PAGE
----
Cross Country event spotlights Chambers Creek Regional Park as sports host
is taking things to a new level March 4–5 when it welcomes the Pac-12 Cross Country Championships. The University of Washington Huskies host the event, which will include 250 participants from 11 colleges—all safely in a bubble and following COVID-19 protocols.
While there won’t be spectators to cheer on the runners, there are still ways to catch the action. For the most up to date information about the event, visit the Pac-12 website.
Just the start
The March championships are a prelude to an even bigger event next year. Chambers Creek Regional Park will be the site of the Division II NCAA Cross Country Championships. More than 500 student athletes – along with family, fans and spectators – will head to Pierce County for the national event in November 2022.
Dean Burke, President and CEO of Travel Tacoma – Mt. Rainier Tourism and Sports, has long seen Chambers Creek Regional Park as an incredible asset and believes its potential as a sports-event venue goes beyond golf. For years, Travel Tacoma has worked strategically in partnership with Pierce County to lay the groundwork for what was needed to be a regional and national-level sports host.
“Cross-country running is a shoulder-season event, right when venues and hotels need it the most,” Burke said. “These first two wins for collegiate events are the fruits of that work. We’re optimistic the trajectory only goes up from here.”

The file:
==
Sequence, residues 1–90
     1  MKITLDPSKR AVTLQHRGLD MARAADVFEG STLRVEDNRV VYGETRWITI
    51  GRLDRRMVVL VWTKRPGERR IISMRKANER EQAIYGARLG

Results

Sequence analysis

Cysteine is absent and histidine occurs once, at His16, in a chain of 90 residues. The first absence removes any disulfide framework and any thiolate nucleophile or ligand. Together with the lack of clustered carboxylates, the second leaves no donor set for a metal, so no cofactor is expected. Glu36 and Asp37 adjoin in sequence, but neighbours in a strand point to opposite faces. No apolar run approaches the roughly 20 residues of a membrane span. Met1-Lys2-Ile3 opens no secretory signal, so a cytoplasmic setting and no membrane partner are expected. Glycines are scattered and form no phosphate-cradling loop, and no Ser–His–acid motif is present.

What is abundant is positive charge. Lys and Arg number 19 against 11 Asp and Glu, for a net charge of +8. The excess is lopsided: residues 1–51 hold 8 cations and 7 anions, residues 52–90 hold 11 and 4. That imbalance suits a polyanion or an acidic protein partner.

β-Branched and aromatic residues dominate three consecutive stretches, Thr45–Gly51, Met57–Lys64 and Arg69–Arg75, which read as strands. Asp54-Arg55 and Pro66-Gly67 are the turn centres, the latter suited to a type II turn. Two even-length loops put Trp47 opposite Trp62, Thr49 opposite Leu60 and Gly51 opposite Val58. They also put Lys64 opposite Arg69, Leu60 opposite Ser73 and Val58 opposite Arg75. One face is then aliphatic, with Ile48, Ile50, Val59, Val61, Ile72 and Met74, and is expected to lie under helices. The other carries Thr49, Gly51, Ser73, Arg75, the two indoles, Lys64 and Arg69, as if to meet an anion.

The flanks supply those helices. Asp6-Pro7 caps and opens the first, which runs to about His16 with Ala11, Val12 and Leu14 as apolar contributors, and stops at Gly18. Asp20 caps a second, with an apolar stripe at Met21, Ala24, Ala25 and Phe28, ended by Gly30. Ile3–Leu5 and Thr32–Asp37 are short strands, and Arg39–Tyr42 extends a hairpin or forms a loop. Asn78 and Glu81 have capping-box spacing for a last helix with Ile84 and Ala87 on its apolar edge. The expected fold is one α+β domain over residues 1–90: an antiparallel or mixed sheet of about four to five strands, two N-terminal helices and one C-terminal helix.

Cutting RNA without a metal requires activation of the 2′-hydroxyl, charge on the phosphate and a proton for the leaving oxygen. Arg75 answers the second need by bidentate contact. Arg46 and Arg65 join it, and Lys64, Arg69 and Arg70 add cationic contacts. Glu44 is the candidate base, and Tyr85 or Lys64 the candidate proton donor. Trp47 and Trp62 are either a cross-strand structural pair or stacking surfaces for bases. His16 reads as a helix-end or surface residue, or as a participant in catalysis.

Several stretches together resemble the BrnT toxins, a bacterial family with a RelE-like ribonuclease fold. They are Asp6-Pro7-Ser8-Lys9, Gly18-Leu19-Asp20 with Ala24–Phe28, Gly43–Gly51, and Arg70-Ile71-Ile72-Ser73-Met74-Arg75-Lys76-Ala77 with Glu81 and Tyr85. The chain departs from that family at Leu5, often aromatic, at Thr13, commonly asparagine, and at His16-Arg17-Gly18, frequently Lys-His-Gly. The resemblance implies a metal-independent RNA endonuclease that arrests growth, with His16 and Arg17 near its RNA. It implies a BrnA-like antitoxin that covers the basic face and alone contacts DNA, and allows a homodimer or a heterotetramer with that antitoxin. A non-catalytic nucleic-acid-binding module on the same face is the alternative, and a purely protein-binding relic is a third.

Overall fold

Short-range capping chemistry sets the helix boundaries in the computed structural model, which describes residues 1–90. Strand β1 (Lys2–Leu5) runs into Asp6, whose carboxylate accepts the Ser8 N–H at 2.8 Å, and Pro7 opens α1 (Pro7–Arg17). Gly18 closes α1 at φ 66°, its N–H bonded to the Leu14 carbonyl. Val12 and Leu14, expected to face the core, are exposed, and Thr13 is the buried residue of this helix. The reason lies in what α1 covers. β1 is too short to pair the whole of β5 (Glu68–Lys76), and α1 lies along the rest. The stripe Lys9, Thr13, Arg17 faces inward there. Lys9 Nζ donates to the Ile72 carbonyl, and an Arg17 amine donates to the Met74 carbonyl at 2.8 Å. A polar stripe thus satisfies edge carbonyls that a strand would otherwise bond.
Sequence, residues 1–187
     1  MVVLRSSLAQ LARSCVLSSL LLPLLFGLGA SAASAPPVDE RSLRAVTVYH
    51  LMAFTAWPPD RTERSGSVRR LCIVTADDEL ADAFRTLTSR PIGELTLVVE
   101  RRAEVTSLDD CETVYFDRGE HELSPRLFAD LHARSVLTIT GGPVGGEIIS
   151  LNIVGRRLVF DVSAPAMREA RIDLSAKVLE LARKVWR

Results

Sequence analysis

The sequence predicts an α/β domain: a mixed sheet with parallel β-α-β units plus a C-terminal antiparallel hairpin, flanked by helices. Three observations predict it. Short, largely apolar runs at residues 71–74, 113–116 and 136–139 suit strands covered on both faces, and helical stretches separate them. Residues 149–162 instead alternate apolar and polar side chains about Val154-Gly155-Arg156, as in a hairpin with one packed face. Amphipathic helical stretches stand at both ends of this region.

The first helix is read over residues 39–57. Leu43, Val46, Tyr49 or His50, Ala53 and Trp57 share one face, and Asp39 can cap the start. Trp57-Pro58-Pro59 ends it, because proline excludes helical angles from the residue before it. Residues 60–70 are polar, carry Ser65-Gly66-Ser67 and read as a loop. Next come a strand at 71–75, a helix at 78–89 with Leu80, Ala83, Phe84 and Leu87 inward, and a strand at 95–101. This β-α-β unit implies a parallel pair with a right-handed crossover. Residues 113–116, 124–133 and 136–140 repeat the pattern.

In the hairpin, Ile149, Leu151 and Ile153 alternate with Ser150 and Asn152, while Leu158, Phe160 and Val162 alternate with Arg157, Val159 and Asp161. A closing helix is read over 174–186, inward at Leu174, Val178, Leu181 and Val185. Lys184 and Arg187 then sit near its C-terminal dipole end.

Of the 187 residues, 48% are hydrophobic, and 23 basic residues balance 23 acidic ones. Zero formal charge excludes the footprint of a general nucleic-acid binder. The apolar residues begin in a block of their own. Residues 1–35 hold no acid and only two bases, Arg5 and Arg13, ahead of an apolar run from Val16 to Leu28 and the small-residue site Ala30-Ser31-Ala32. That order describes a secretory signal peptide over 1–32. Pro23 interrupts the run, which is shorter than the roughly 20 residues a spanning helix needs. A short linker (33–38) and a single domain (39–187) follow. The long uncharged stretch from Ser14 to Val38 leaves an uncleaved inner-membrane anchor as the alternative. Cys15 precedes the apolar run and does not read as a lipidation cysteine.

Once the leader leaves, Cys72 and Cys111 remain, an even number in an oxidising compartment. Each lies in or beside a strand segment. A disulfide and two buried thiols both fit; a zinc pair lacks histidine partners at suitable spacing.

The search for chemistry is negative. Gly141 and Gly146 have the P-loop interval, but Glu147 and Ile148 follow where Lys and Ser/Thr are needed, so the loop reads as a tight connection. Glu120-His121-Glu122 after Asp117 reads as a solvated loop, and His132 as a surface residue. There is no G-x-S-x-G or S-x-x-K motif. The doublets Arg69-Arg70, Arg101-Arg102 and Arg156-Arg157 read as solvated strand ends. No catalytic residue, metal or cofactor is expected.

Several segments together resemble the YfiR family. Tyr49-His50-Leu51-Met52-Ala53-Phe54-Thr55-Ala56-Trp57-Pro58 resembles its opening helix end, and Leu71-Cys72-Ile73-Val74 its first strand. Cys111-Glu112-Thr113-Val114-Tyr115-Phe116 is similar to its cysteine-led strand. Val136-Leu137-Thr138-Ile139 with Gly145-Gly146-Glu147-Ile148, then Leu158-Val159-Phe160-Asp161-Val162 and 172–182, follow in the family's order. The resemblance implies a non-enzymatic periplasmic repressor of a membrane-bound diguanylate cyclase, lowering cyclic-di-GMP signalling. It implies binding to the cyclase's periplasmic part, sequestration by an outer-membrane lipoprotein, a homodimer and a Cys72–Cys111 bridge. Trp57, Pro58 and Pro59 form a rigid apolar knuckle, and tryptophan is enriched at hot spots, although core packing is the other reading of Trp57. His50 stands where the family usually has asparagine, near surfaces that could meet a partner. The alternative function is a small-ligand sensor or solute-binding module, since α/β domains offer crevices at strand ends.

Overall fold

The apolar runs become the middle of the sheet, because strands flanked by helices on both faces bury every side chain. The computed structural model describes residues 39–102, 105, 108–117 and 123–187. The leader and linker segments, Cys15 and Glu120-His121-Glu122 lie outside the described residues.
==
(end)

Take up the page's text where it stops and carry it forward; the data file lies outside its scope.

Convention Center doors reopen
Slowly and safely, Pierce County is seeing the reemergence of some events after nearly a year of quiet. In February, the 2021 Charity Choice Invitational gymnastics competition was held at the Greater Tacoma Convention Center. It was the first major event in the city since COVID-19 restrictions were put in place, and a year of planning and Pierce County’s timely move to Phase 2 of the state’s reopening plan allowed it to happen. Data is being processed to determine the economic impact of the event.
Not quite a “return to normal” affair, the appointment-based event limited groups of athletes in scheduled blocks and was closed to the public. “It was a small event in comparison to pre-COVID world, but it was the right-sized thing to start this process,” Burke said. “We felt the return to a safe level of vitality on the streets of Tacoma and in the halls of the Greater Tacoma Convention Center.”